And it doesn’t always work really well.
But what it tried to do was incentivize people to get as much of the content on the screen as quickly as possible.
And so, we saw with Start Render, if it’s like a grey background, or just like a little pixel somewhere, wa-ha Start Render happened and you get full credit for it, no matter what was displayed.
What Speed Index tries to do is look at how much of the screen is painted as early as possible. And so, if you can render all of your content except for the Sign In button early, you’ll get 99% of your credit for the early rendering content, and you’ll just get dinged for the Sign On button showing up late just a little bit. The way it does that is it calculates the visual progress of the page loading across time, and basically goes, each frame at 100 or 10 frames per second, or whatever frame rate it’s capturing at, it goes, “Okay, this frame is 5% complete, “90% complete, 100% complete.” And then it just takes the area above the curve, it ends up being like someone who knows math way better than me explained it as the average time that a pixel reaches its final state. And so, if you look at the entire rendered version of the page, and each one of the pixels in that case, you average the time that it was displayed on the screen is what Speed Index gives you.
And so, more of the pixel sooner you get a much better Speed Index than if you have a blank screen all the way until the end and pop all of your content, that will give you a really slow Speed Index. The main problem with this and a lot of these is sort of, I hand waved around how you know how Visually Complete a page is at any point in time. Speed Index, Visually Complete, you’ll see in a second. A lot of the metrics that sort of depend on knowing how complete you’re at a point in time take a snapshot of the screen at the end of the page loading, and assume that is the final state, and then it compares everything along the way to that final state.
That works great if you’ve got a static page, if you’ve got a video, if you’ve got an image gallery, where you’re rotating, like the hero image every 10 seconds rotates, and says, “Take a look at this, you need to buy this,” you end up with sort of randomised end states, where maybe it’s the second image in the carousel that gets captured at the end of the test, and you lose your credit for displaying the first image in the carousel throughout the loading process.
And so, dynamic pages that don’t sort of load to a static end state are a really weak point for Speed Index in particular.
The other one that tends to toss it up quite often is interstitials.
The you haven’t clicked Okay on the damn Cookie button, big banner that shows up in the middle of the page, usually 30 seconds after you started reading the content. If the test ends at the point that the cookie banner comes up, it’s gonna say, “This is the content you were trying to show the user,” and you’ll lose all of the credit for actually showing the content up until that point.
There are two flavours of Speed Index.
SSIM, I think is the, I don’t know that they’re named differently. But Lighthouse, which is Google’s web performance auditing tool uses a version of Speed Index, that doesn’t give you credit if the pixels move on the screen.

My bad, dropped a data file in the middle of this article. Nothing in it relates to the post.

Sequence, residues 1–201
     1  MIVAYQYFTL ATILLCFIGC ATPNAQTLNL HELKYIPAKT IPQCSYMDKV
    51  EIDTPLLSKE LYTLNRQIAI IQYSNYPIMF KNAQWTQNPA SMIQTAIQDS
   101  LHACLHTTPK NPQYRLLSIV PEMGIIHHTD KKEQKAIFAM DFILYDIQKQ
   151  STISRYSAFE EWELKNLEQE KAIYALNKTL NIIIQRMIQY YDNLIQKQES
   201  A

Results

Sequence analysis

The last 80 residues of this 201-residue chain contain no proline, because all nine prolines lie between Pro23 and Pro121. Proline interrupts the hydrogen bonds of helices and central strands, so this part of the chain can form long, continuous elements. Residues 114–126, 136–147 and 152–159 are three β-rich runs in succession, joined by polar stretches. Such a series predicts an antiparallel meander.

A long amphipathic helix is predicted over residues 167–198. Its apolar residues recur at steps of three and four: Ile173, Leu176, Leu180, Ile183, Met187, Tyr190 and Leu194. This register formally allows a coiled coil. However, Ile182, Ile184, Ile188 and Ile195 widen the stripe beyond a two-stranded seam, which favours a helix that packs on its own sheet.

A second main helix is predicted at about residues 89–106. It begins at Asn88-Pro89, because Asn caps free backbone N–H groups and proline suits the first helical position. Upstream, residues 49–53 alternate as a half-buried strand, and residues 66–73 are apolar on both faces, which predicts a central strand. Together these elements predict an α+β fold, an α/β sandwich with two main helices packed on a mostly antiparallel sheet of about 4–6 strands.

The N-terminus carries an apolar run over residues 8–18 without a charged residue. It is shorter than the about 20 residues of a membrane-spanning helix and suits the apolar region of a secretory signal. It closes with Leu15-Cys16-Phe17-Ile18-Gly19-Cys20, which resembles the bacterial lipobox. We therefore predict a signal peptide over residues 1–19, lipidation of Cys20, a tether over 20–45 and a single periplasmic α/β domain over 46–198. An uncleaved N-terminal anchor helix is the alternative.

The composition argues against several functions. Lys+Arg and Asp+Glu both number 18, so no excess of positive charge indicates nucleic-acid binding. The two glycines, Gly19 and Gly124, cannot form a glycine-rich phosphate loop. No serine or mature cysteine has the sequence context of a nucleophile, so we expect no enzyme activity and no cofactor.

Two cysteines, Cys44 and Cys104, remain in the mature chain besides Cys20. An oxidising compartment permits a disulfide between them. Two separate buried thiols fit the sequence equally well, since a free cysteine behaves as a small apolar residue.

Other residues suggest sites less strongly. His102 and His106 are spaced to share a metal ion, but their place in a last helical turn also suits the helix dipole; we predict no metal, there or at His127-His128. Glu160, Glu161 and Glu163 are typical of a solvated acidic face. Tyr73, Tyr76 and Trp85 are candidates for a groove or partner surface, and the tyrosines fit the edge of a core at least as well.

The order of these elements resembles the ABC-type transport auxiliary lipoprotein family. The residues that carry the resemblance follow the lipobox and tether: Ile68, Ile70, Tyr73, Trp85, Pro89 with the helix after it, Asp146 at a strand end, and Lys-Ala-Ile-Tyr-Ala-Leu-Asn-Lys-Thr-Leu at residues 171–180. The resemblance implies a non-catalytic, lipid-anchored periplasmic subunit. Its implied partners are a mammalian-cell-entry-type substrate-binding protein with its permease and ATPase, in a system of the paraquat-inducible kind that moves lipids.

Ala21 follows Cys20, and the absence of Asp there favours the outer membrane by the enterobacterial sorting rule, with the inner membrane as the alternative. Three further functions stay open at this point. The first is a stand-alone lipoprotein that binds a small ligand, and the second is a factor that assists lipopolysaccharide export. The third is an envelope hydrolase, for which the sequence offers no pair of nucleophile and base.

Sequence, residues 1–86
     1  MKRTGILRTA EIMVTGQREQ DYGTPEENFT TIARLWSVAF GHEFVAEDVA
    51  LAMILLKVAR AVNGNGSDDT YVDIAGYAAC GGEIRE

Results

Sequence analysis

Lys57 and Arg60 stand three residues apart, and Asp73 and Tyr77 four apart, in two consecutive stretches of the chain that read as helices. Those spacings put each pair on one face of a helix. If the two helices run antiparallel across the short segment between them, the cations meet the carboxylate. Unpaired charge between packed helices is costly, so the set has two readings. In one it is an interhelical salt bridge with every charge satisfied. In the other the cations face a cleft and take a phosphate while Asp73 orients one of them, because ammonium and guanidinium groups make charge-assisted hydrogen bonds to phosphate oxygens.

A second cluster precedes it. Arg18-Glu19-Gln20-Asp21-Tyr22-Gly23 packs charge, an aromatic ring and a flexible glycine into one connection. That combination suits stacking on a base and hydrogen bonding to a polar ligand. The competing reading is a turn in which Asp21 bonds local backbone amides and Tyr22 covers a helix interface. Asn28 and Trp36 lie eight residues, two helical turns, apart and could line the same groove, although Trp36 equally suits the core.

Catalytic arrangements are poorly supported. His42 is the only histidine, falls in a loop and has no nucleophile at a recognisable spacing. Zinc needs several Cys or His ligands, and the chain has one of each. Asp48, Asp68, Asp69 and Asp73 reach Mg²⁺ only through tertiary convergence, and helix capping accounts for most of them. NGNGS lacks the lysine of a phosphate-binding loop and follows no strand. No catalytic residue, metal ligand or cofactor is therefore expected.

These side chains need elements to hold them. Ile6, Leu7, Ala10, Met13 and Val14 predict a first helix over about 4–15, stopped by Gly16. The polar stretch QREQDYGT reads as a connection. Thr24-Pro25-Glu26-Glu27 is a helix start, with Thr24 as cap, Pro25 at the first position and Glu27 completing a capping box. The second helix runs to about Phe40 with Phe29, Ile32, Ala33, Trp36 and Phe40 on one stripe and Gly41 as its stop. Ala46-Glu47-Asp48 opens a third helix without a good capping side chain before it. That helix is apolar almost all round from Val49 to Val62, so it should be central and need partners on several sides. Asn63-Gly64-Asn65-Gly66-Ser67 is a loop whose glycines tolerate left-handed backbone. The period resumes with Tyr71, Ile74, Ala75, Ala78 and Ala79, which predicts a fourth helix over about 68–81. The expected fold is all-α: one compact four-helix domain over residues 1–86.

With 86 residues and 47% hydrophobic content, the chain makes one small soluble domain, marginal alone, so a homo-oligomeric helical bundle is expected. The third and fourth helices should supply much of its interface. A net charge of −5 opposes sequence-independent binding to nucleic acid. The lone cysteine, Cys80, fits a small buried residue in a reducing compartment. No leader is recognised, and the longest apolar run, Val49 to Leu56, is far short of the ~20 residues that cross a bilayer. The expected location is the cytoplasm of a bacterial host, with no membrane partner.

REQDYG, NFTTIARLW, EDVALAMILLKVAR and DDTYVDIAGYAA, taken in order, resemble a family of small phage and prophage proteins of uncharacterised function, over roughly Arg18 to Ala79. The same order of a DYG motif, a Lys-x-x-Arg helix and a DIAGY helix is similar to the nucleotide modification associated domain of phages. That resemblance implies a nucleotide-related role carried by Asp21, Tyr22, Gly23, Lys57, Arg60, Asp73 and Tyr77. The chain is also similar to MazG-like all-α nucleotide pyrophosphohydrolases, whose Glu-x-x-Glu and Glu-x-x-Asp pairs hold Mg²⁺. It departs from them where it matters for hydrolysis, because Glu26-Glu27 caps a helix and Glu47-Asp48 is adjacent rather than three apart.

So if you have all of your content loaded and then an ad gets inserted at the top and everything shifts down 10 pixels, you’ll lose credit for all of the content that was displayed up until that point in time because the pixels aren’t in the same place. So it’s sensitive to position on the screen. The version of Speed Index that WebPageTest uses, doesn’t care about where things are on the screen. So you can move things around, move, adjust when you get an ad banner, or whatever. And you’ll still get full credit for the content that was displayed up until that point in time. Depending on how you feel about content moving under the user, like while they’re trying to read it, they’re trying to click a button, and all of a sudden they clicked on the ad. Business loves it, users not so much.
One of those might be more useful for you than other. They’re sort of two extremes on it though, not giving you any credit at all seems kind of painful. Visually Complete, it’s very similar, in that it uses the same progress calculations that Speed Index does but it basically goes, “The first point in time that we reach 100% complete, “go ahead and call that Visually Complete.” There’s also variations to that which is 90% Visually Complete or 95% Visually Complete, if you wanna use a threshold that goes, “You know, I don’t care about the last button, last pixel being rendered, I want when is most of my content displayed. And if you want a point in time metric, one of the difficulties with Speed Index, it’s an average.
So if you get a Speed Index of like 2,500, which is 2 1/2 seconds, you look at the filmstrip in 2 1/2 seconds, you will see nothing, because it’s not a point in time metric, you can’t point to it and say, this happened at this point in time.
Whereas Visually Completes, you can say it was 90% complete at four seconds here, look at the film strip, there you’ve got your 90% complete image.
And so you’ve got a point in time that you can reference. The reason the 100% for Visually Complete is kind of important is that it’s not unusual for sites to like the gallery sites or for sites that display something and then it goes away, for them to reach 100%, drop down to 40% and go back up to 100%.
And so, the first time you reached all of the content being available is what we generally refer to as the Visually Complete. Yeah, sort of like I mentioned, there’s, by default WebPageTest will pull out 99, 95, 90, and I think 75% Visually Complete if you wanted to use them as metrics.
But you’re also welcome to sort of use whatever you think makes sense for yourself and for your site in particular.